So how much does this all really matter? Within this research, the main questions I hope to answer are:
-Are there clear benefits to creating consistent pitch tunnels?
-Do pitchers who excel at tunneling draw more (swinging) strikes?
-Do pitchers who have tighter tunnels demonstrate better control; do they strike out significantly more hitters than they walk?
-Should you build your arsenal around what I’ll call a “Tunneled Attack”?
-Do pitchers who tunnel their arsenal more consistently perform better overall?
In an attempt to gain some level of understanding and see if pitchers are actually benefiting from this practice, I decided to review a total of 401 pitchers’ (min. pairing count of 50) tunneling data based upon their whole arsenal in lieu of actually breaking down each pitch pairing each pitcher uses.
I organized the whole group by the average distance between back-to-back pitches at the tunnel point (or PreMax). Then I took samples from the top tier, middle tier, and bottom tier.
From there, I looked at each pitchers’ 2019 FIP, SwStr percent, K/BB percent, and average exit velocity. I chose those metrics because they cover outcomes that are most under the pitcher’s control. Finally, I reviewed their top pitch combinations based on the data provided by Baseball Prospectus’ pitch tunnel pairs to see what they threw in sequence the most.
Here’s a visual (via BP) showing each point in the pitch process that I’ll cover.
RelDist, or release distance, is the average amount of spacing between each pitch if you superimposed a baseball at each pitch’s average release point location. The gif below shows four of Trevor Bauer’s pitches coming out of their varied arm slots.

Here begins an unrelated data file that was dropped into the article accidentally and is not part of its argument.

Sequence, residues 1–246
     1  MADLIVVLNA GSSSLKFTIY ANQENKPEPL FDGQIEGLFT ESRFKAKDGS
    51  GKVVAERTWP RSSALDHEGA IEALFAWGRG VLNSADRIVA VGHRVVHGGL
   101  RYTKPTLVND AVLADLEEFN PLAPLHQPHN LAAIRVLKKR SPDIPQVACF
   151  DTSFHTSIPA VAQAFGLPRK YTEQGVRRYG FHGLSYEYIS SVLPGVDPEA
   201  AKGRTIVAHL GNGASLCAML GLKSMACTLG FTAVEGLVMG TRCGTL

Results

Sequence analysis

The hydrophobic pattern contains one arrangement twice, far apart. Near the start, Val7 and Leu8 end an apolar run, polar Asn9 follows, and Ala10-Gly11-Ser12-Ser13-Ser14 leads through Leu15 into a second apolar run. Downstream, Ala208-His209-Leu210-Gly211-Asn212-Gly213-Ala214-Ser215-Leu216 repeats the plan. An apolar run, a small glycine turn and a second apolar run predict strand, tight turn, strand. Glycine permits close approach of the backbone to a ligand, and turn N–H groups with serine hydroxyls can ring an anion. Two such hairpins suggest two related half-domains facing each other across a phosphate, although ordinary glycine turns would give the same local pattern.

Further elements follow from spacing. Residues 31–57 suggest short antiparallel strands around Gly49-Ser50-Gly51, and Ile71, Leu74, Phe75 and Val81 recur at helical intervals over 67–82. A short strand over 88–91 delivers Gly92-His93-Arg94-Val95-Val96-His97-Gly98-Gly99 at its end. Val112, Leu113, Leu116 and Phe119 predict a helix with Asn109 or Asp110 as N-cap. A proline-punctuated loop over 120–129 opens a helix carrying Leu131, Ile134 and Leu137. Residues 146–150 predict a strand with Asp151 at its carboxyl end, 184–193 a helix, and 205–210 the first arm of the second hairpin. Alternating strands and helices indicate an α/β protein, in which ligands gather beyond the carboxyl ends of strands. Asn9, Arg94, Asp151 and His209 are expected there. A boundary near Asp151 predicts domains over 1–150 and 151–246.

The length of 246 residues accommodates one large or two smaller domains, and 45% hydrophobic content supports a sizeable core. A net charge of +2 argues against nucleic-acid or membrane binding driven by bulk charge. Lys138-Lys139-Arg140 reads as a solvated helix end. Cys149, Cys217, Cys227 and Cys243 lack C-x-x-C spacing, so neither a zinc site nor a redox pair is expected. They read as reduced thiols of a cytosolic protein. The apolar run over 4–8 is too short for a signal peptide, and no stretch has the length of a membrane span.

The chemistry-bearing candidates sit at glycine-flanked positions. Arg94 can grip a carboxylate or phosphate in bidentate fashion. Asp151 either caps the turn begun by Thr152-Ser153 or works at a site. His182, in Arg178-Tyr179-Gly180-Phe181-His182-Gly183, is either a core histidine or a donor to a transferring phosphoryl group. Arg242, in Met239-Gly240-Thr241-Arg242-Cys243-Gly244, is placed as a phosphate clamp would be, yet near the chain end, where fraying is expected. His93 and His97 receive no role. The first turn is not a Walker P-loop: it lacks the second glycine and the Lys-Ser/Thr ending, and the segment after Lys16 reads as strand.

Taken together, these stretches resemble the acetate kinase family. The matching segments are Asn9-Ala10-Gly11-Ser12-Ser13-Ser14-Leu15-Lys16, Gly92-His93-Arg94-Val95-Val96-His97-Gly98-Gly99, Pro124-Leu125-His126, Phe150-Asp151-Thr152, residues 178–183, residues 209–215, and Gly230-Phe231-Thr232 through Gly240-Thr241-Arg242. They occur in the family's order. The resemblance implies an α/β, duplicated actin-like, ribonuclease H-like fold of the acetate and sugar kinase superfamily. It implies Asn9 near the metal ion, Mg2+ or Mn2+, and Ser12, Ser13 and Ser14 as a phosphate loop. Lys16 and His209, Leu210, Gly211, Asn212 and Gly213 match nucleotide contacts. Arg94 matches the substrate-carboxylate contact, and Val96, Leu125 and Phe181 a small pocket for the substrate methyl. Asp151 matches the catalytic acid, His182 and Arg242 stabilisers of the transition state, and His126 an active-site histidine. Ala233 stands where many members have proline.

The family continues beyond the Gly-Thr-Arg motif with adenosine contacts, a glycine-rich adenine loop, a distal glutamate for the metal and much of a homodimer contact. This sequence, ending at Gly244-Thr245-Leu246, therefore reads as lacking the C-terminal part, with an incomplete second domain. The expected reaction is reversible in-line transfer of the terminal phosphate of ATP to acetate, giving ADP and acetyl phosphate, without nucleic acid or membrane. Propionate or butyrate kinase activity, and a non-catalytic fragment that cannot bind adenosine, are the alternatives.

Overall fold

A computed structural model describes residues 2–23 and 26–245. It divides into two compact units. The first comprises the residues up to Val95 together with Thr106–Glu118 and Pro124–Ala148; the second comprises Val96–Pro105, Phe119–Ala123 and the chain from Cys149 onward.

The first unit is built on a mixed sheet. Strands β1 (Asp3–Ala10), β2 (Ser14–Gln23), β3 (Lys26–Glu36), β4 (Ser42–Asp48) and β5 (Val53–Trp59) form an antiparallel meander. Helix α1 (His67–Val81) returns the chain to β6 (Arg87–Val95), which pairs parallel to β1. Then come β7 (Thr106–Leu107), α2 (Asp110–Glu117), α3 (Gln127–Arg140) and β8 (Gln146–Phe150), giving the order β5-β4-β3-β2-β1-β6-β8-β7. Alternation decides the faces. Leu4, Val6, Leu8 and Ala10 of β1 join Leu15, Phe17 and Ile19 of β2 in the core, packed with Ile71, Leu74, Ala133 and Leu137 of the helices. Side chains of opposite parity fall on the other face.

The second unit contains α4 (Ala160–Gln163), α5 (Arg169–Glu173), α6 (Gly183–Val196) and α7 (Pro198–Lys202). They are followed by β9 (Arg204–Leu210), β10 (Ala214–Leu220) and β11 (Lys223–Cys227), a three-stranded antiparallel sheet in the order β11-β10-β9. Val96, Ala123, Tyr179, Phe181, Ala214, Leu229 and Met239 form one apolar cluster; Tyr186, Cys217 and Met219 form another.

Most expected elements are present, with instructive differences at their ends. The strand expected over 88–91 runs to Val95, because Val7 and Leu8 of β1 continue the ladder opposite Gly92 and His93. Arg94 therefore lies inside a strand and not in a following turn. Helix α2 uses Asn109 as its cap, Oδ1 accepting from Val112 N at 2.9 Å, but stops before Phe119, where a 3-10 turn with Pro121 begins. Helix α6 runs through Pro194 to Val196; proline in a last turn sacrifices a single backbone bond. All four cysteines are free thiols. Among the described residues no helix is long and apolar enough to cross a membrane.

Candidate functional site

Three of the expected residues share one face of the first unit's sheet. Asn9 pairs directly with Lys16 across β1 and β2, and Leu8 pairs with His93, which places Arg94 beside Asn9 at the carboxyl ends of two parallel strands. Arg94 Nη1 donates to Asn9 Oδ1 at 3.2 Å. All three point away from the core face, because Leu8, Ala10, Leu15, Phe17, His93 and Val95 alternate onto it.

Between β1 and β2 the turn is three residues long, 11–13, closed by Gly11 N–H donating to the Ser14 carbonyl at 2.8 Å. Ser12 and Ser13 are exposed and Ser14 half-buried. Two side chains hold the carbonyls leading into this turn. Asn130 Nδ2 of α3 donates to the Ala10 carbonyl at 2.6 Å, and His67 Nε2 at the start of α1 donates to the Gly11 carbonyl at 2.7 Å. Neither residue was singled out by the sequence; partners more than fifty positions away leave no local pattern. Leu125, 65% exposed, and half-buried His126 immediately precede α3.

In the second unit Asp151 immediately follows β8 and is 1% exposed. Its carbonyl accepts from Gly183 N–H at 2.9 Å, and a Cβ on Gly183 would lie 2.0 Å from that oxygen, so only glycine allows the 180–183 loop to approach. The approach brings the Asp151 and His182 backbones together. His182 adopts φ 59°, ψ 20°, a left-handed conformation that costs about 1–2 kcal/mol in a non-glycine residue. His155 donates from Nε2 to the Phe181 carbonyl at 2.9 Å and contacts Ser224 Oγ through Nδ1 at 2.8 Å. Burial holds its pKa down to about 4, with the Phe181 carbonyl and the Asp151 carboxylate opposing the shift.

You can see from the chart below how the gif lines up with Bauer’s normal release points.
The next stat is the most important, referred to as PreMax (1.55-inch average). It attempts to measure the distance between back-to-back pitches once they’ve reached the tunnel point; the last spot the hitter is able to accurately track a pitch.
Lastly, I included PlatePreRatio, or the distance between back-to-back pitches at home plate ratioed to how far apart they were at the tunnel point. This stat alludes to how much (late?) movement occurs once the hitter commits to swinging or not.
One thing to be aware of before I present the data are pitchers whose pairings mostly consist of consecutive pitch types. Meaning a pitcher who goes fastball to fastball most often may have better tunneling numbers, especially if they don’t vary their locations often enough. I wouldn’t say it heavily skews the data in their favor; in fact, it could make them more predictable and less successful at-bat to at-bat.